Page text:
Choosing The Right Shampoo For Your Dog’S Coat Type

Choosing the right shampoo for your dog’s specific coat type is extremely important for maintaining their health and appearance. A dog’s coat plays a critical role in regulating body temperature and protecting them from the elements. Using a shampoo made for their coat can ensure it stays in optimal condition.

The wrong shampoo can dry out your dog’s skin, strip their coat of essential oils, and damage the hair follicles. This can leave their coat looking dull or feeling rough and brittle. In some cases, it may even lead to skin irritation, itchiness, and hair loss if used repeatedly.

That’s why investing some time to identify your dog’s coat type and their grooming needs is well worth it. Whether they have a short and smooth coat, long and silky fur, or thick and wooly hair, there is a shampoo formula that will cleanse thoroughly without disrupting their skin’s pH balance or natural oils.

This guide will go over how to assess your dog’s specific coat qualities, review ingredients to look for or avoid, provide tips for bath time, and recommend shampoos for some common breed coat types. With the proper shampoo, you can keep your dog’s skin and coat looking its absolute best.

Factors That Determine Coat Type

A dog’s coat type is primarily determined by its breed and genetics. However, there are other factors that can influence coat type as well:

Breed – Each dog breed has a typical coat type associated with it. For example, Labrador Retrievers tend to have short, dense double coats while Poodles have dense, curly single coats. Breed standards outline the ideal coat characteristics for that particular breed.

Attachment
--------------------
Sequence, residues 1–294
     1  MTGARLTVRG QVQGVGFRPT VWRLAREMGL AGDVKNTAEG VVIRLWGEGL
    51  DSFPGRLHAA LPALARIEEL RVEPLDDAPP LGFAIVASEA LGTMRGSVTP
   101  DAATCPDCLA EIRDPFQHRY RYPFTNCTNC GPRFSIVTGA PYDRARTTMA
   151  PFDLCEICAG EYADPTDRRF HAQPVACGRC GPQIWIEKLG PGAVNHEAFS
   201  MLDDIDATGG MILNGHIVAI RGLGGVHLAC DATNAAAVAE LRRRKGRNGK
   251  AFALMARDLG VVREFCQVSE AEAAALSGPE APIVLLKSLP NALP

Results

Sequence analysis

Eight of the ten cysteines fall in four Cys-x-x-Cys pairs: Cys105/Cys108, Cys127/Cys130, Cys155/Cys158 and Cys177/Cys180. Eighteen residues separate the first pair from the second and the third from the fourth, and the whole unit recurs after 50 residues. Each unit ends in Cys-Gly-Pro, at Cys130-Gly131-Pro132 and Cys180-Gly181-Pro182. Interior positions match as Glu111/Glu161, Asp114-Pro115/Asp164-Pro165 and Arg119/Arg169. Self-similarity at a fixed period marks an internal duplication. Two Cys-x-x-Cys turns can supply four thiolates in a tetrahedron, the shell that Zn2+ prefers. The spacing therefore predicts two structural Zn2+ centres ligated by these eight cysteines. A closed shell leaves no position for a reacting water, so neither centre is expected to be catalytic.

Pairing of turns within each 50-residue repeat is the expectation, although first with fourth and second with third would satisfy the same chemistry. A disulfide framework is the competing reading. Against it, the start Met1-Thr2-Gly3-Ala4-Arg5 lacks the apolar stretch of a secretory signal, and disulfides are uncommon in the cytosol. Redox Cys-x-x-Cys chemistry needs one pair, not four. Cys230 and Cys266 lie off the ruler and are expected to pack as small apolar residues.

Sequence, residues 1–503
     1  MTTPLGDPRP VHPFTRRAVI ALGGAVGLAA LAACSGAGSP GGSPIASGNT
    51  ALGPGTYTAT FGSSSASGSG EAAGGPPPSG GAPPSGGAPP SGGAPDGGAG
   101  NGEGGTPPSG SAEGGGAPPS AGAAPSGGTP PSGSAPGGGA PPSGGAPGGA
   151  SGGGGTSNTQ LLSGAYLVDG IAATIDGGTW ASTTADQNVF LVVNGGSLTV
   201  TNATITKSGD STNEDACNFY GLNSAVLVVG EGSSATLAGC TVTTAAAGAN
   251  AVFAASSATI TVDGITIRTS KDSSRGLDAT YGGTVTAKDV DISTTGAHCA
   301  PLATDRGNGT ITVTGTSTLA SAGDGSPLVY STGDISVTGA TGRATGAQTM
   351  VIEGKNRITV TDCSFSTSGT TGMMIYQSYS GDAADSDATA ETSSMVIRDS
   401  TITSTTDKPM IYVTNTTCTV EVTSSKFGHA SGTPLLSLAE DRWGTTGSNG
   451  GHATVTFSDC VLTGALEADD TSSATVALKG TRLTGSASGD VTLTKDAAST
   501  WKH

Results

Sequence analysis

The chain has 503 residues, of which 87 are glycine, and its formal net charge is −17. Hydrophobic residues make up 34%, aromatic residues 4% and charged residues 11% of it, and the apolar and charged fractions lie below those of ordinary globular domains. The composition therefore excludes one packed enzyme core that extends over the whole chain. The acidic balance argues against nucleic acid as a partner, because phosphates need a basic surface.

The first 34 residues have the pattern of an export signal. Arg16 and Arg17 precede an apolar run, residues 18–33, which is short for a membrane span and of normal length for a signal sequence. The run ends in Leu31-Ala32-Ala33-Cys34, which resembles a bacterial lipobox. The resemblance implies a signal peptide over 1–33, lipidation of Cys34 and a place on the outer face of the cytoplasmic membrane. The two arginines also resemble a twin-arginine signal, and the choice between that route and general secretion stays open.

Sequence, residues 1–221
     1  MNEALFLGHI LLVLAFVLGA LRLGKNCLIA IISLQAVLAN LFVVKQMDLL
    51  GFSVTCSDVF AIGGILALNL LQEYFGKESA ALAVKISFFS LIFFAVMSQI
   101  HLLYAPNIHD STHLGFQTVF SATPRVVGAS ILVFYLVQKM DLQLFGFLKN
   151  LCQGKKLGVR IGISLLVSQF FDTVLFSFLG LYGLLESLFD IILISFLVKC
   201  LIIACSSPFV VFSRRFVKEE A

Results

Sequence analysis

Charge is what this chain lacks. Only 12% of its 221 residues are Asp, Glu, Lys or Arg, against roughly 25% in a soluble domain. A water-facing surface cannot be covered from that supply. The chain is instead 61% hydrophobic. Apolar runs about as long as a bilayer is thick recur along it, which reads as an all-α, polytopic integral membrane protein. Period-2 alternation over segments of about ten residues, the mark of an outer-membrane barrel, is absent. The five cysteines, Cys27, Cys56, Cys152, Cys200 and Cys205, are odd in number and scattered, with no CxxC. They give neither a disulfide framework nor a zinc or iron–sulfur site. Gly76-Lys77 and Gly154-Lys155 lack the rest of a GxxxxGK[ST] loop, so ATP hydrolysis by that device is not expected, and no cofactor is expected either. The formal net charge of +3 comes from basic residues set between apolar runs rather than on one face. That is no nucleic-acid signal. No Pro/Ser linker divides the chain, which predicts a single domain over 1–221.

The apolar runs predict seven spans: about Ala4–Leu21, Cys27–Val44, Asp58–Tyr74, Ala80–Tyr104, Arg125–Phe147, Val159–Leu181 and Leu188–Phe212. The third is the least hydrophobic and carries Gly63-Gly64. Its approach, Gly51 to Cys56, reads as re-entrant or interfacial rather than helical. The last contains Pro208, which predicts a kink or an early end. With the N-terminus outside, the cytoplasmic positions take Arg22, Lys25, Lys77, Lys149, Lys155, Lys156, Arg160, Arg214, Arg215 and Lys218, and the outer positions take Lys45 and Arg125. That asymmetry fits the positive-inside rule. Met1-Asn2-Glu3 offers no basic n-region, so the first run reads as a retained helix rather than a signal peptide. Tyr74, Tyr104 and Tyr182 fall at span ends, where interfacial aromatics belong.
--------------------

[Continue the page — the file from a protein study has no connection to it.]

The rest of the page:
Genetics – Canine coat genetics involve several genes that control length, texture, curl, and shedding. The combinations of these genes inherited from a dog’s parents establish the overall coat type. Even within breeds, individuals can vary somewhat in coat due to normal genetic variation (Chris Christensen).

Age – Puppies often have softer, finer coats that change texture as they mature. It usually takes 1-2 years for an adult coat to fully come in. Some breeds also experience coat changes with aging.

Environment – Factors like climate, nutrition, and health can affect coat to some degree. For example, dry air or nutritional deficiencies may cause dull, brittle coats. However, environment cannot drastically change a dog’s genetically-determined coat type.

Common Coat Types

There are several common types of dog coats:


Smooth coats are short, flat, and slick against the body with no feathering or fringe (1). Smooth coated breeds include Dobermans, Boxers, Bulldogs, Boston Terriers, and more. The smooth coat requires minimal grooming but benefits from occasional brushing and bathing to remove dead hair and distribute oils.